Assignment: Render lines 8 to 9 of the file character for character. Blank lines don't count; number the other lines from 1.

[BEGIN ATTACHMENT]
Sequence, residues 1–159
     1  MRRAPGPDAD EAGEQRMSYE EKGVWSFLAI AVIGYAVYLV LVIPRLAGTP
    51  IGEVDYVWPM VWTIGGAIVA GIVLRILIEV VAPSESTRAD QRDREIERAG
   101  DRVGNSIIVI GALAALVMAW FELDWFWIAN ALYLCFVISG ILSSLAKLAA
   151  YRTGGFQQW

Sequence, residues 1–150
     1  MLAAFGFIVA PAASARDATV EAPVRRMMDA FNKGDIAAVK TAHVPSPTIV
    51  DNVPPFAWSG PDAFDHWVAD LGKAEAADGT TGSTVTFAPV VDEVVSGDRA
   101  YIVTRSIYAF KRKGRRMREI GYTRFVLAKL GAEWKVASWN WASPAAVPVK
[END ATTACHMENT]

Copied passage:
    51  DNVPPFAWSG PDAFDHWVAD LGKAEAADGT TGSTVTFAPV VDEVVSGDRA
   101  YIVTRSIYAF KRKGRRMREI GYTRFVLAKL GAEWKVASWN WASPAAVPVK